MINNEAPOLIS -- Trevor May calls his final appearance of the 2016 season the low point of his career.The Twins' right-hander had missed a month with a recurring back injury, but worked hard to return down the stretch, only to record one out against the Indians on Sept. 11, walking two
MINNEAPOLIS -- Trevor May calls his final appearance of the 2016 season the low point of his career.
The Twins' right-hander had missed a month with a recurring back injury, but worked hard to return down the stretch, only to record one out against the Indians on Sept. 11, walking two and giving up a double while exiting the mound with back pain. It ended his season with a 5.27 ERA in 44 appearances, but instead of looking back on last year and moping, May's confidence has never been higher.
He spent the rest of the season and offseason trying to plot out his goals not just for this season, but where he sees himself in 10 years. He's also set on making the rotation this year to get his first chance to start since 2015.
"I'm fed up," May said. "For two years, I've seen myself as a person and I haven't even gotten there yet and haven't really moved in that direction fast enough. And a lot of that has to do with inherent confidence and conviction. I believe conviction bleeds into everything we do."
May, 27, was groomed as a starter his whole career before moving to the bullpen in July 2015, and his issue that season is he might've pitched too well in relief. May had been figuring things out as a starter, going at least six innings in six of his previous seven outings, but a rough outing in Milwaukee and his rookie status meant he was headed to the bullpen.
With his power arm and mix of four pitches, he posted a 2.88 ERA in relief the rest of the way, and it likely sunk his chances to start in '16. He competed for a spot in the rotation in Spring Training, but it was mostly lip service, barring an injury to a projected starter.
The Twins were too tempted by his power arm in the back of the bullpen, but it was ultimately his back that did him in. May's left side of his back tightened up because of his mechanics and not properly taking care of it by trying to be ready to pitch in relief every day. May struck out 60 in 42 2/3 innings, but was plagued by inconsistency and a balky back.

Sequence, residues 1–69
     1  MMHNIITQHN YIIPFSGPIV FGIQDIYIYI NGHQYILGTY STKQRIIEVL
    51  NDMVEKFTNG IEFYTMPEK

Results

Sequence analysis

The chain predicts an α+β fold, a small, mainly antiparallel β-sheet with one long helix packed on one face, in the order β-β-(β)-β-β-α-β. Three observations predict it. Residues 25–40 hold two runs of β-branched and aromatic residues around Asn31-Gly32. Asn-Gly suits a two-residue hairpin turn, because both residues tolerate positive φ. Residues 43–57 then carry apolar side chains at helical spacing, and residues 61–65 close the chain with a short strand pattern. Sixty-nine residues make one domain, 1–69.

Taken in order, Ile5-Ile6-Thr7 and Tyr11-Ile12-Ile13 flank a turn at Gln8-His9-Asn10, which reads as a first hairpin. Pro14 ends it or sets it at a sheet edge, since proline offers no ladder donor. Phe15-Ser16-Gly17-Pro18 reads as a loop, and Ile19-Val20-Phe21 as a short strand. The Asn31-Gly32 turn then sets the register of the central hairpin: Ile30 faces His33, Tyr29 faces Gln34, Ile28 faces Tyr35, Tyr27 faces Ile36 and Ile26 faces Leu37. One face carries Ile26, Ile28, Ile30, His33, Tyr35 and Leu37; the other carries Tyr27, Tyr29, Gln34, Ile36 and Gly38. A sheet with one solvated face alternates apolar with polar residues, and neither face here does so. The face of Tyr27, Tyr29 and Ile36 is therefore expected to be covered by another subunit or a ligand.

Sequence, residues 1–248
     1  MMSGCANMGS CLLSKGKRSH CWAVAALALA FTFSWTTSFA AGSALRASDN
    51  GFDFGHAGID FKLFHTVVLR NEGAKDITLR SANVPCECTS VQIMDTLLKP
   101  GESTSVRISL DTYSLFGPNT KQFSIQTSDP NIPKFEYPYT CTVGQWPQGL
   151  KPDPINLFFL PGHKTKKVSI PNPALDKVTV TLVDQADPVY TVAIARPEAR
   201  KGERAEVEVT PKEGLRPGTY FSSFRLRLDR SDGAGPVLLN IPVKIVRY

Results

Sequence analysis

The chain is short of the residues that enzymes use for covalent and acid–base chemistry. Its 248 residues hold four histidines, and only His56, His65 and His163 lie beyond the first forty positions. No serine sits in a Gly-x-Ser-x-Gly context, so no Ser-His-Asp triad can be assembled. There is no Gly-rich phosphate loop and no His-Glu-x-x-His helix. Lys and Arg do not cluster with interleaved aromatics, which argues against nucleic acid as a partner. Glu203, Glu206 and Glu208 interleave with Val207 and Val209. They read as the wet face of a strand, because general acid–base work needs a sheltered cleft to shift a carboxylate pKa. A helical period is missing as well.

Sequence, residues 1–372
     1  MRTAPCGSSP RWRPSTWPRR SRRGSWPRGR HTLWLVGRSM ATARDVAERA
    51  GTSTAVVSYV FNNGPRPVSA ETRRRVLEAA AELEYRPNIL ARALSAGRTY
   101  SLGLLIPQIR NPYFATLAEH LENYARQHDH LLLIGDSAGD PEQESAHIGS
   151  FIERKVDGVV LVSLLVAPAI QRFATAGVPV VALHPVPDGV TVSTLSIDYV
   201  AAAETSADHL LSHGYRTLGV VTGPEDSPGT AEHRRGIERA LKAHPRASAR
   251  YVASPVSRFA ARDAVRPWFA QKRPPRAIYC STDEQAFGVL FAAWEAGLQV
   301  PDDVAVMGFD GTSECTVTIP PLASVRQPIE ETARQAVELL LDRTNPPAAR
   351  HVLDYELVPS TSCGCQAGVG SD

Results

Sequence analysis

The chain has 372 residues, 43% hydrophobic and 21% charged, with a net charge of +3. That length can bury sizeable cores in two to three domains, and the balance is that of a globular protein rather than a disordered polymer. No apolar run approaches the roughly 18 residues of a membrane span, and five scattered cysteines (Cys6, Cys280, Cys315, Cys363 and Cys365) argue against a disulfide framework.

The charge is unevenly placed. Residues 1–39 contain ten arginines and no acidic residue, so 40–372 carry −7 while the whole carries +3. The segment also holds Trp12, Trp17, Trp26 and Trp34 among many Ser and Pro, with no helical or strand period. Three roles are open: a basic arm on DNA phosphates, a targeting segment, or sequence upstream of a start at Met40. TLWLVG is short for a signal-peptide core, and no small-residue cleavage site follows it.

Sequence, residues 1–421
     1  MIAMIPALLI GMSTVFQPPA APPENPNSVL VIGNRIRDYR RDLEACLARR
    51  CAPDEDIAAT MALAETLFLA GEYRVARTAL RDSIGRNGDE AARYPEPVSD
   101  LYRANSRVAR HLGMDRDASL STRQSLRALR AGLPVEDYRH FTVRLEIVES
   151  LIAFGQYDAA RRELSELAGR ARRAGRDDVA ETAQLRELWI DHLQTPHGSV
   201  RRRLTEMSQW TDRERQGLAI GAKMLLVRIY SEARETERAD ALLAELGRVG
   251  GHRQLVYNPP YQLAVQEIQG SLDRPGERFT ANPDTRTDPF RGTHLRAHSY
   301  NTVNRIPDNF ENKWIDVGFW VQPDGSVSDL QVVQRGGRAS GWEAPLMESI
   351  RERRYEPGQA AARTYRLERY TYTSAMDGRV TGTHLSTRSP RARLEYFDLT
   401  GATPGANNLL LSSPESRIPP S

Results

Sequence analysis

"Last year was complete garbage for me," May said. "I want to throw it out and move on. I want to prove to myself I can either do it or not to do it and move on. But I'm a firm believer in my ability to be a starter. I'm planning on going out and taking that spot and leaving no doubt in anyone's mind that's where I'm supposed to be."
May, who has worked with a Pilates instructor this offseason, believes the back issues are behind him and that starting would help the issue because he'd be throwing at a lesser intensity and would have time in between outings to take care of his back.
"I know I have the stuff to dominate a team," May said. "I'm tired of dancing around stuff the last two years. I'm ready to establish myself as a guy you can give the ball to in Game 1 of a playoff series."
May, though, understands that there's still a chance he could be relegated to the bullpen again this year, and if that happens, he's willing to embrace it, but knows he'll have to be smarter about his health.
"If it comes down to things not going my way, put me back out there and I'll throw the ninth," May said. "Seriously. The eighth or whatever role it is. I want to pitch with one-run leads. I'll pitch out of the 'pen if I have to, but I'd also like to pitch in the eighth with a one-run lead as a starter."
Rhett Bollinger has covered the Twins for MLB.com since 2011. Read his blog, **Bollinger Beat, follow him on Twitter [@RhettBollinger](https://twitter.com/RhettBollinger)** and listen to his podcast.